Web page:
Miles Benjamin Anthony Robinson’s voice lives in the bowels of human existence; it wails and drones through rat-infested dive bars in shady neighborhoods and the squalid homes of sallow heroin addicts. It echoes through the after hours of a sleazy strip club and rusted benches in Washington Square Park, benches that once gave MBAR a decent night’s rest. He’s already experienced the stuff that rock & roll tragedies are made of—depression, drug addiction, homelessness—and you can empathically feel it with every quiver and quake of his voice.

But the most gripping aspect of MBAR’s songs is how he tells his tales—his lyrics waver from hazy, stream-of-consciousness free verse to epic narratives that sound as if they were written by someone who’s seen the rise and fall of an empire. “I don’t know if I wanna stay alive. It’s so expensive, it’s cheap to die,” a phrase he sings repeatedly on “The Debtor,” is a sentiment that you would more likely expect to hear from a Vietnam vet on his tenth Jameson on the rocks. More caustic than Elliott Smith circa Either/Or and less cynical than Conor Oberst during his double-album days, MBAR constructs a unique lyrical balance between blatant personal reflection and obtrusive metaphors—without seeming the least bit pretentious.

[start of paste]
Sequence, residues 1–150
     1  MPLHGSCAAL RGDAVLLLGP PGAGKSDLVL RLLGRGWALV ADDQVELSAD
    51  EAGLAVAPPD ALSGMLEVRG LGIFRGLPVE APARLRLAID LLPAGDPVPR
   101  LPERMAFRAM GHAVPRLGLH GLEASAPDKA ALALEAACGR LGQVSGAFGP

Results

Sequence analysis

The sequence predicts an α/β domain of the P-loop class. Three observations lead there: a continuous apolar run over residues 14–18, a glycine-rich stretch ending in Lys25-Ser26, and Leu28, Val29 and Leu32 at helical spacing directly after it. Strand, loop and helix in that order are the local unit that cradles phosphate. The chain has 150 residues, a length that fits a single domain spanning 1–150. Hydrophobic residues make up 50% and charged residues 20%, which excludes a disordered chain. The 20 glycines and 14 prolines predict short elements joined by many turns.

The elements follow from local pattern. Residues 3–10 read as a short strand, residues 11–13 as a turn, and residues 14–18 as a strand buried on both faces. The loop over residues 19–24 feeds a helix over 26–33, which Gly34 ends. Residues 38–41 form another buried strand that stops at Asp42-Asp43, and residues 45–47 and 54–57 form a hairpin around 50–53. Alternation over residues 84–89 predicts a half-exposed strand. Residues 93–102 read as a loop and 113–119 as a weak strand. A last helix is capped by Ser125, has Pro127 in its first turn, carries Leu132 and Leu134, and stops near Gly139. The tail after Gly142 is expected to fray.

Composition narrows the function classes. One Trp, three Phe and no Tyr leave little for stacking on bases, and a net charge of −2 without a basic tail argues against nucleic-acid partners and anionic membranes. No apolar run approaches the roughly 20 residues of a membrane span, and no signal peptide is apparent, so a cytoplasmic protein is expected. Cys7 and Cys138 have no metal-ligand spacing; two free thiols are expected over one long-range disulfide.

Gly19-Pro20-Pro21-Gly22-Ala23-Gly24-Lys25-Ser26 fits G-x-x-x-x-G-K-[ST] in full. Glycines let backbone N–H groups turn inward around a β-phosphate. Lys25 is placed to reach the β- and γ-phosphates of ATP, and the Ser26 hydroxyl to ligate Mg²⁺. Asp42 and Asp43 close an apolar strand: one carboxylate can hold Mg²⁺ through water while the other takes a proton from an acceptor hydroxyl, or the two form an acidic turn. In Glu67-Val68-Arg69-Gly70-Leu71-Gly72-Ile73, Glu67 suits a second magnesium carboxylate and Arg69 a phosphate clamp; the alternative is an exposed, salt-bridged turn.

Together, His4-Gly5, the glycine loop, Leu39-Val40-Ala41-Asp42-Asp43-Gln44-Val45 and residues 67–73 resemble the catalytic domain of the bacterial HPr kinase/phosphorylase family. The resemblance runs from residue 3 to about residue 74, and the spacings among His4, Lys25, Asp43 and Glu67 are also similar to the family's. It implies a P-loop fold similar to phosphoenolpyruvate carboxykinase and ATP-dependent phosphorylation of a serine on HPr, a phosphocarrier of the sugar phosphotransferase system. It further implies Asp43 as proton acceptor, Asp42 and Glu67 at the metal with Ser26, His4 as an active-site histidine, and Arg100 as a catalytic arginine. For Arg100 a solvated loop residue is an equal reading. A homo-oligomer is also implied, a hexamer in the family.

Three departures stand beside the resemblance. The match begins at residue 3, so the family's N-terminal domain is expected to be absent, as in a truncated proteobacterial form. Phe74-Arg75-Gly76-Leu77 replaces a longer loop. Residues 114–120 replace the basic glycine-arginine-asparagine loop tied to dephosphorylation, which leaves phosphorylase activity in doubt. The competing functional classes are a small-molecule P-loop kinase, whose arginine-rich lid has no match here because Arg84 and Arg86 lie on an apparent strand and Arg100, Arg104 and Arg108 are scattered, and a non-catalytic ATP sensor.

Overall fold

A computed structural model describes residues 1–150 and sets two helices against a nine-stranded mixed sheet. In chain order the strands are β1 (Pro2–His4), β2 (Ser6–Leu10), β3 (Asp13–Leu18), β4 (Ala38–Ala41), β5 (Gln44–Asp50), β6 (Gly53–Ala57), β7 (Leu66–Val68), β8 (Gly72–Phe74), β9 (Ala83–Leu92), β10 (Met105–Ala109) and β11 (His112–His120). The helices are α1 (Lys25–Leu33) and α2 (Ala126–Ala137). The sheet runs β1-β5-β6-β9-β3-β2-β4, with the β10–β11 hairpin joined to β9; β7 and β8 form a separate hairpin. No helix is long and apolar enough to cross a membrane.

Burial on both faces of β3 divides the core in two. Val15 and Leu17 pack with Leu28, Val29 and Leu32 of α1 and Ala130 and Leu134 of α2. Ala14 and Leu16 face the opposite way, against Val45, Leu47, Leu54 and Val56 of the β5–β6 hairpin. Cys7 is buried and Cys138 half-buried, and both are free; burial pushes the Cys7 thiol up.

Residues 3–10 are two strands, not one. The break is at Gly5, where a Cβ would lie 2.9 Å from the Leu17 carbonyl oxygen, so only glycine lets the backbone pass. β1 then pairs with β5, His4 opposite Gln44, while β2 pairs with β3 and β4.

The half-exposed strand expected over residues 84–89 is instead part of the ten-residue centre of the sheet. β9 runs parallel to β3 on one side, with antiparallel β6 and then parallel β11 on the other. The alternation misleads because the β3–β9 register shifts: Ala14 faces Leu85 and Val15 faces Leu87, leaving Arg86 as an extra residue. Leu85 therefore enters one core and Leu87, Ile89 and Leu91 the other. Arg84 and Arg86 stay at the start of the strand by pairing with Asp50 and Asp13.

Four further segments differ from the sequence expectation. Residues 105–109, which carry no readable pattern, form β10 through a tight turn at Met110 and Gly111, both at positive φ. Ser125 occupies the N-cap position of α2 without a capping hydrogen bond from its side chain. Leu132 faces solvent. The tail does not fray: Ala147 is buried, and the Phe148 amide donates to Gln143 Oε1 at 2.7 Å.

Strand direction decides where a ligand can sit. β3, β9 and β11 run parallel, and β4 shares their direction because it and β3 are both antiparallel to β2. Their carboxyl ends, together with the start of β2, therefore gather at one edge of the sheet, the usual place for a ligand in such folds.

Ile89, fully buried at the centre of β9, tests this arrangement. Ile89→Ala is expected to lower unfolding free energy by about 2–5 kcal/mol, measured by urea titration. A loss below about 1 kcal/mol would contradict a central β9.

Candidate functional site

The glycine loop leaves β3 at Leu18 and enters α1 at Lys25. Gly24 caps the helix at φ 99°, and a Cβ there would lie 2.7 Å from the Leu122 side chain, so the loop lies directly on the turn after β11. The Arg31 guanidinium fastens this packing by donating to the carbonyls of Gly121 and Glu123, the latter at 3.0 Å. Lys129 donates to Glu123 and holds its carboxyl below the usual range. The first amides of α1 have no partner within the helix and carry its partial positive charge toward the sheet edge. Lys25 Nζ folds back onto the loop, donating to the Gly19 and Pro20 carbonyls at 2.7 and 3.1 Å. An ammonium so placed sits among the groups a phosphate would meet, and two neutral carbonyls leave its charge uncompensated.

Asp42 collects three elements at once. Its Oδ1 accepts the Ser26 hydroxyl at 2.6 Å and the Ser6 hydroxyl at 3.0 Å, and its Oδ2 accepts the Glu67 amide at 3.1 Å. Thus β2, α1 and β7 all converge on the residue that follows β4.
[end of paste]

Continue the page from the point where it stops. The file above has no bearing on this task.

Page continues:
And that’s a feat considering the talented company he keeps; his collaborators include Grizzly Bear’s Chris Taylor and Chris Bear with appearances from Daniel Rossen and TV on the Radio’s Kyp Malone. Who wouldn’t feel like they had one up on the rest of the struggling singer-songwriter community? The baroque instrumentation and multi-tracked choruses of Grizzly Bear and TVotR are clear influences, but MBAR stays more than grounded. He’s raw, dirty, and self-deprecating—a true survivor. His aching voice plays out as a slow motion explosion, meant for you to experience with pleasurable sorrow. (Say Hey) –Lauren Ciraulo